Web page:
Cheney Hammer

I wrote a while back about my Grandfather’s Belknap Bluegrass Hammer so now I turn my old tool spotlight to my Father’s Cheney Bell Face Hammer with the very cool and functional ball bearing nail holder.  This hammer was made by the Cheney Hammer Co. in Little Falls NY.

Cheney Bell Face Hammer head

The Cheney mark has almost been wiped out on my Dad's old hammer from too many side blows in tight spaces. The mark show on the right is what it should look like, complete with the patent number.

The head on the Cheney hammer is solid with a pretty typical and functional claw.  However, it is the nail holding method that sets this hammer apart.  The mechanism just above the claw was patented by Arthur E. Taylor in 1925 (granted in 1927).  Patent No. 1621761 (here is the original patent as a pdf)

The nail holder was intended to allow you to place a nail in it, swing the hammer firmly and start the nail on its way without having to get your fingers in the way.  A pair of spring loaded ball bearings hold the nail securely, but release it easily once the nail is initially sunk into the wood.

nail holder

Nail holder on the Cheney Hammer

The nail holder works for a large variety nails as long as the nail is long enough.  It can start finishing nails but without the head on them, they aren’t very accurate, so it is best suited for box and framing nails.

With a single swing, the nail holder will drive the nail in securely and safely.

Why this nail holder didn’t make it onto modern day hammers I do not know.  It seems to hold up just fine through the years and offers good service.  Of all the other Cheney hammers I have seen, I have yet to find one with a ball bearing missing or frozen from rust.  That leads me to believe the mechanism is reliable.  I am glad I have my dad’s and can continue to use it.  Since it is better suited for framing, I do wish it was a little heavier.

I know from the patent that the hammer was made some time after 1927 but before 1954 when the Cheney Hammer Co. was sold and moved from Little Falls NY.  About a decade ago I put a new handle on it after the original (not sure it was original) broke.

The handle I put on was a simple oval replacement from the hardware store.  It was pretty similar to the ones I’ve seen with original handles on them.  Since I am more fond of the handle on my Grandfather’s hammer, I set out to make this handle a little more octagon in shape.  To do this I secured the hammer and started making flats on the handle in the arrangement of an octagon.

using a card scraper on the handle

The card scraper made made quick work of creating flat facets on the handle. (used two handed, but one hand was holding the camera)

I made the flat facets first with a card scraper.  The original polyurethane on the handle allowed me see how wide the flats were getting.  After the flats were made I used the card scraper lightly to remove the little stripes of finish that remained between one facet and the next. A card scraper has the effect of following the curves that make up the length of the handle, while flattening the curves that make up the radius.  A plane would have flattened both.   I rubbed the handle down with a gray scotchbrite pad to round out the transitions from one flat to the next and then wiped on a few coats of shellac with just a splash of boiled linseed oil mixed in.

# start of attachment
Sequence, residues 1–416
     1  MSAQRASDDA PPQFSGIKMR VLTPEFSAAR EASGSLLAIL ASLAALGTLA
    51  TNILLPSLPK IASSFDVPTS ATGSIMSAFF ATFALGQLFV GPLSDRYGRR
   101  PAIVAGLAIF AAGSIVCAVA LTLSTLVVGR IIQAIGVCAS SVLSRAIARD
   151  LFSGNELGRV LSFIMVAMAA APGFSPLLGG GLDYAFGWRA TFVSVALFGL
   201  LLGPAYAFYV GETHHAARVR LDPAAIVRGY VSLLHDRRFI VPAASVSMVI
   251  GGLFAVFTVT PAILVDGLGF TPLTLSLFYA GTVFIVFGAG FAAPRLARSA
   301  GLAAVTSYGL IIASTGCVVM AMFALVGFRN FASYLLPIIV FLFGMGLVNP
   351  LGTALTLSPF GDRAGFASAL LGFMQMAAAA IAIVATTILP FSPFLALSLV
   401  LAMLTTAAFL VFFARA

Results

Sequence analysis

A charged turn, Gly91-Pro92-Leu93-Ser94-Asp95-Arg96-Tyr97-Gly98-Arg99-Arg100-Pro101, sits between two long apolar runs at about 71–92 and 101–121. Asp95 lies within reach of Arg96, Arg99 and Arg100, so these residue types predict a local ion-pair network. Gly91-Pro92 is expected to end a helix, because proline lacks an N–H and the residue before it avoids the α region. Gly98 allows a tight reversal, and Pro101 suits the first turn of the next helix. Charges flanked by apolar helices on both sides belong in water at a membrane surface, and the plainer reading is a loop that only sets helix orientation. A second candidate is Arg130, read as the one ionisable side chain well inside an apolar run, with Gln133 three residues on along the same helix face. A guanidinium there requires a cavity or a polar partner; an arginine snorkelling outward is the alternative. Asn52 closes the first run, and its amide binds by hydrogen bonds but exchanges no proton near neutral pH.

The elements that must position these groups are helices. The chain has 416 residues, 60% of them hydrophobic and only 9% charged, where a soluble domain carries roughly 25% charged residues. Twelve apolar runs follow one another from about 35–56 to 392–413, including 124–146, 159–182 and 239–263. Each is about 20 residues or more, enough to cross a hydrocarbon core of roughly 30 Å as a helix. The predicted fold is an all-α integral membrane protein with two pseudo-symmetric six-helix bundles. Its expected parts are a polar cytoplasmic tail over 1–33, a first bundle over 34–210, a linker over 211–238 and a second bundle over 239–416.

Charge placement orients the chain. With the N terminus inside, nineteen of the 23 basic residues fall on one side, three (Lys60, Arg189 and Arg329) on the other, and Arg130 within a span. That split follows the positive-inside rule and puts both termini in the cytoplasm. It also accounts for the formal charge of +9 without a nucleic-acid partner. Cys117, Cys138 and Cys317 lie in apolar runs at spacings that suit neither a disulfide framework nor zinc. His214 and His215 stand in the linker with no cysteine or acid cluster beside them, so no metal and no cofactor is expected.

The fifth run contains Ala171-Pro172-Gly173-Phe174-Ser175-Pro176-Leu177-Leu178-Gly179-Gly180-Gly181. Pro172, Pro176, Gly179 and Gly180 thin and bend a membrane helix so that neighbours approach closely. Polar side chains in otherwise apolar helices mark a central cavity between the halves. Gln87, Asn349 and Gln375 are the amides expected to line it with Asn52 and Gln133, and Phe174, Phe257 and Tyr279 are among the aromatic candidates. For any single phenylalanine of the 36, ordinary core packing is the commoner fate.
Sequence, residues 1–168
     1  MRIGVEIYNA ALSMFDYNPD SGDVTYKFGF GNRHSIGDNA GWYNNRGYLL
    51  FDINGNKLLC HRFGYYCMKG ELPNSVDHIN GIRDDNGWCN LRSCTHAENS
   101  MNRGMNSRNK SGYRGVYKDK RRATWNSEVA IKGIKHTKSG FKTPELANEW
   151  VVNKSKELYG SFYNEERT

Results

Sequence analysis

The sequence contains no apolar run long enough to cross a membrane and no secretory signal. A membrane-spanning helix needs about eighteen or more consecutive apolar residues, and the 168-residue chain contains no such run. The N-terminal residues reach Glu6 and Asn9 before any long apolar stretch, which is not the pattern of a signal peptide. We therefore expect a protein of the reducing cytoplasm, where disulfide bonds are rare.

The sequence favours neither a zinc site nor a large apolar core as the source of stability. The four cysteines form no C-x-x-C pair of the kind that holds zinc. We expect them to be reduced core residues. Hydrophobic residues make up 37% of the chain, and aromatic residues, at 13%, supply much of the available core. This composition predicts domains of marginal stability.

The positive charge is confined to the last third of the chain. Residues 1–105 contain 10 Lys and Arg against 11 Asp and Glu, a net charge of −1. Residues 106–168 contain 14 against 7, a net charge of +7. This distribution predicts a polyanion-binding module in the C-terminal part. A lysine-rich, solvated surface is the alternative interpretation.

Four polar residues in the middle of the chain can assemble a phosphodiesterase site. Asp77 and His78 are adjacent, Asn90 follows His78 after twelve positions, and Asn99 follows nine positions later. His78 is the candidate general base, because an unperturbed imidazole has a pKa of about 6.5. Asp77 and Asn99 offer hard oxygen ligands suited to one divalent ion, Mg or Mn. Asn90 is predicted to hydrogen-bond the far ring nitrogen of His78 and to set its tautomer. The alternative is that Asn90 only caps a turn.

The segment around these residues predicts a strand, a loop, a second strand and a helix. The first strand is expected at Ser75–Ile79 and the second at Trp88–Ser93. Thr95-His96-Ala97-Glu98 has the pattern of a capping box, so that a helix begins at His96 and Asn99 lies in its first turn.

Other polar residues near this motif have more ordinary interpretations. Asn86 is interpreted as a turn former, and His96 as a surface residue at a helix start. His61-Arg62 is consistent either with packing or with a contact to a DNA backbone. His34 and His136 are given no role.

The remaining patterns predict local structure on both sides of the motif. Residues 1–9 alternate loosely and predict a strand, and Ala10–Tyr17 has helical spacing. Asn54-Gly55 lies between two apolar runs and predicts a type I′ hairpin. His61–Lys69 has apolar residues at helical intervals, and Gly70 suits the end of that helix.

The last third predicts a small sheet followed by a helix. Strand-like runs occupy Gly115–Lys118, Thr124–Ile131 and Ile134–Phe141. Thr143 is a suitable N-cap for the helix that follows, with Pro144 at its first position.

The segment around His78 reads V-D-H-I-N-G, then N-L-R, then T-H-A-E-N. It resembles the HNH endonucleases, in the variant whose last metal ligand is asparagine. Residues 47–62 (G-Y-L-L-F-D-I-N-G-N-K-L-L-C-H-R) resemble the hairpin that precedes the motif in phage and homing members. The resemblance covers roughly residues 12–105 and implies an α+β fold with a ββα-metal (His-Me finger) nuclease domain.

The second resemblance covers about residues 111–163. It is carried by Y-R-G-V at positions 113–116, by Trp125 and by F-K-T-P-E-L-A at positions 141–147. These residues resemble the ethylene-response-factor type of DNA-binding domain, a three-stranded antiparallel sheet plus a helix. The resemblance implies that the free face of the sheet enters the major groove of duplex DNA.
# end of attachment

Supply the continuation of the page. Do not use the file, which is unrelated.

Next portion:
cheney hammer handle to octagon

Here is the progression from left to right (oval, shaped to octagon, finished). The octagonal facets don't show up well in the photo, but are easily noticed when picking up the hammer.

Cheney Hammer History

Henry Cheney was born in Otsego NY in 1821.  He was granted a patent for hammer head design in 1867 that related to combining a cast iron handle socket with a wrought iron head – Patent No. 66298 (pdf).  On July 4, 1871 he was granted a patent for a nail holding provision in a claw hammer that used the claw and a notch to hold the nail while it was started – Patent No. 116553 (pdf).  As described earlier, the patent for the ball bearing nail holder was granted to Arthur E. Taylor  in 1927.  Patent No. 1621761 (pdf) and it is that patent that is used for the rather famous “Cheney Nail Holding Hammer”.

There are conflicting sources for when hammer production started in Little Falls, NY.  The Davistown Museum cites that Cheney moved to Little Falls in 1856, while a Little Falls historical article suggests that “Around 1845-50 Henry Cheney came to Little Falls from Fly Creek and operated a hammer manufacturing shop in the Ingham Mill. The Inghams must have continued to be financially interested, for when Mr. Cheney died in 1879, a stock company was formed and Schuyler Ingham was the president. In 1925 Elmer Mulford came to Little Falls and operated the Cheney Hammer Co. until 1954, when the firm was sold and moved away.

Related Hammer Resources

Reader's Comments »

  1. By Jay on November 12, 2010 at 11:39 am

    Whoo – hoo! After using a hammer to shatter the distal phalange of my thumb into three pieces last month while doing my complete neander build of my kids’ tree house, I read this blog post and did some research into safer hammers. One framing hammer has a divot and magnet to hold the nail in, but it was forty bucks and like most framing hammers I’ve handled, it just seemed too big. So I found a Cheney on ebay, bid on it, and it should be here in about a week. I’ve always had pretty good luck with older tools–thanks for the “tip.” “Thumb’s up!”

  2. By swirt on November 12, 2010 at 1:28 pm

    Jay, congratulations on acquiring a new old hammer. I’ve used the hammer with the magnet and divot sometimes it worked well, sometimes it sent the nail flying off with a Piiiiinnnngggg. My Cheney has never launched a nail like that. Enjoy your Cheney.